Day 21: June 17
We wrapped up the spring tour with an active morning (finally!). Believe it or not, Uinta ground squirrels provided a few highlights, featuring cute babies and some fun poses.
Afterward, I planned to go check Hellroaring so we could get everyone some pika shots, but a quick detour up the Tower Road derailed things. We suddenly had a six bear situation. First, Rosie was grazing in the meadow below Calcite Springs while her cubs napped in a tree. Then we found out the Mixed Emotions Sow was just opposite the Calcite lot with her own cubbies… and she was heading our way.
We tried to set up to photograph the M.E.S. family as they headed parallel to the road, but all hell broke loose as she suddenly turned and came straight at us. The crowd backed off and the bears paused in the road to investigate some roadkill or other material right in front of an idling vehicle. Then they moved, and turned right at us again! We got the heck out of Dodge to give her room, focusing more on freeing up space than taking bear photos. As a result, we had very few images of the too-close encounters, but thankfully had allowed the bears to cross into the meadow freely.
At this point things calmed down for a while as the M.E. Sow eyed Rosie cautiously. Both families took naps at the opposite ends of the meadow. But the newcomers were restless, and while Rosie continued to nap, they got up and headed back toward the road and down the meadow. The one ranger on duty forced people to their cars, or way out of the way, so we got in our vehicle, which was actually in a good spot had the bears continued on their path.
The only problem was that Rosie woke up. And then it was on!
The sows attacked each other, while cubs were safely stowed in different trees. There was a big chase that sent the standing crowd fleeing wildly at one point, and we could barely see what appeared to be a pretty nasty wrestling match between the two protective mommas. Unfortunately, we weren’t in a good position to actually photograph any of the action, being safely ensconced in the vehicle.
Things did eventually calm down, and we continued our vehicular stakeout on the side of the road. The lone ranger (all of his colleagues were busy with other bear jams) had his hands full directing traffic and pedestrians over a 200m stretch of road, but we were allowed to remain in our spot. So we waited and waited for those cubs to come down. But it never happened. The sow did graze just below the car, but the cubs were half-hidden at the top of the tree above us the entire time.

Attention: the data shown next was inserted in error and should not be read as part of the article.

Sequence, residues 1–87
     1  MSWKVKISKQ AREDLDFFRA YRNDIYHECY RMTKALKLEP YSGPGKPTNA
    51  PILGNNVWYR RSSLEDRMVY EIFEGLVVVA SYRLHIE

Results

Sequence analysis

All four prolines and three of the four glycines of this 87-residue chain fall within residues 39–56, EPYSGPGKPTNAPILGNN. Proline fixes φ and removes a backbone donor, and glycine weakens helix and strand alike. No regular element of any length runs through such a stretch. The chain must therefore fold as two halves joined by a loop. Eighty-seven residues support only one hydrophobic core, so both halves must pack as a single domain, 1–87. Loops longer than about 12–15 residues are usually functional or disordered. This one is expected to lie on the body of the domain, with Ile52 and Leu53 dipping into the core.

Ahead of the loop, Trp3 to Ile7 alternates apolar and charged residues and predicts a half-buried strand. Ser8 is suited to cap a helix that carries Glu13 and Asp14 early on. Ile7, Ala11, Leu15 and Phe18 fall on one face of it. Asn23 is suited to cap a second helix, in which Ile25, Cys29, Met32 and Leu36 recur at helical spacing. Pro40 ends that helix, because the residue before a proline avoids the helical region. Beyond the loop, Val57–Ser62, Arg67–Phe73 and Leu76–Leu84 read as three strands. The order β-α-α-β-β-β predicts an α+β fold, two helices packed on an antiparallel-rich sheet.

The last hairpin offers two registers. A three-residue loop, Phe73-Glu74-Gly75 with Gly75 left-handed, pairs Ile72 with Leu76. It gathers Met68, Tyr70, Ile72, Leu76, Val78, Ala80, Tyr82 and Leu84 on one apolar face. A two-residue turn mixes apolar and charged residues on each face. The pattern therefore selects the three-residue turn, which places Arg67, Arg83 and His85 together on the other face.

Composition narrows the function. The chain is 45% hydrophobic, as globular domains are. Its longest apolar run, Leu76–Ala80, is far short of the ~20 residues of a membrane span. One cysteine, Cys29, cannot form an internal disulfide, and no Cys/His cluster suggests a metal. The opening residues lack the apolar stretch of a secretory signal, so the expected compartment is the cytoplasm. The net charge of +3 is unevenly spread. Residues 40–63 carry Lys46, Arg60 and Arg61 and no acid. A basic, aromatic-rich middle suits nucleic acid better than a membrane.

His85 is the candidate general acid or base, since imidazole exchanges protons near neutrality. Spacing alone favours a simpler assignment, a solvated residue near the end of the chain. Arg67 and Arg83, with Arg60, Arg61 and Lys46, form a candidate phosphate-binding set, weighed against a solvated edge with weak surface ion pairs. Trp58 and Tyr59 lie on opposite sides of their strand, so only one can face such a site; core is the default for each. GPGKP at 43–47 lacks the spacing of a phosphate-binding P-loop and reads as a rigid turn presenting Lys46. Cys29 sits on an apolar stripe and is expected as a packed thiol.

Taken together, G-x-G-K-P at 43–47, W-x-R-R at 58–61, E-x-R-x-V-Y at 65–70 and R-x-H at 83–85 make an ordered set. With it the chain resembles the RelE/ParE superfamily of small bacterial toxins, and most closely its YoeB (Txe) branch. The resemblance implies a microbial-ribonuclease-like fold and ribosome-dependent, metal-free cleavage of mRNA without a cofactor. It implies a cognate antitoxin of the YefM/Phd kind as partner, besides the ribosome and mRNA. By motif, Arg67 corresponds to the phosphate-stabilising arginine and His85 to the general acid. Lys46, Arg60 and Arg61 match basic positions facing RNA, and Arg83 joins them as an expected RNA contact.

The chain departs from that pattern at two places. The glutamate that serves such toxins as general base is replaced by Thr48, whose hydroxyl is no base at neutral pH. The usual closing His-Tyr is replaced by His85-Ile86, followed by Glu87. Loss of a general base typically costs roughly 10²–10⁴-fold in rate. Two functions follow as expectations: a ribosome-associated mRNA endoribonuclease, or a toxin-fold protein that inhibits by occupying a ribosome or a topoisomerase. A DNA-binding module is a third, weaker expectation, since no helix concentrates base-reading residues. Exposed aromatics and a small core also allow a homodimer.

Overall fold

Eventually, the law enforcement rangers arrived and made the inevitable decision to clear our stretch of road. We were forced to leave, after three-and-a-half hours. A wild and intense show, though not quite with the outcome we’d hoped.
We finally got our pika walk in (brief sightings), and by the time we returned to Calcite, both bear families had departed.
The day wasn’t entirely over, as we searched for moose unsuccessfully, capping things off with a drive down the Blacktail Plateau Drive. I warned my guests how awful this road had been to me over the years, but they probably didn’t believe me after we saw a courting pair of black bears and another black bear chasing a cinnamon up a tree right at the end of the drive. More wild bear action on a day full of it. Not a bad way to end things.
Today I return my clients to Bozeman and get prepped for one more week here in Yellowstone. More adventures await.
Big thanks to my clients Connie, Julie and Oscar for an exciting week of long and fruitful days during another successful spring tour!
If you are interested in joining me on next year’s spring Yellowstone adventure, learn more here.